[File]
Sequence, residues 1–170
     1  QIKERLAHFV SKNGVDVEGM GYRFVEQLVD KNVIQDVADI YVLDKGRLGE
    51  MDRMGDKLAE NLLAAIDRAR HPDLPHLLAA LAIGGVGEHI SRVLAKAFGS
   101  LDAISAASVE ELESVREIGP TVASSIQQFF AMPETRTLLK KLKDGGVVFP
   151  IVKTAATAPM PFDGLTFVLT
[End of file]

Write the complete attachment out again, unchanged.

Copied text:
Sequence, residues 1–170
     1  QIKERLAHFV SKNGVDVEGM GYRFVEQLVD KNVIQDVADI YVLDKGRLGE
    51  MDRMGDKLAE NLLAAIDRAR HPDLPHLLAA LAIGGVGEHI SRVLAKAFGS
   101  LDAISAASVE ELESVREIGP TVASSIQQFF AMPETRTLLK KLKDGGVVFP
   151  IVKTAATAPM PFDGLTFVLT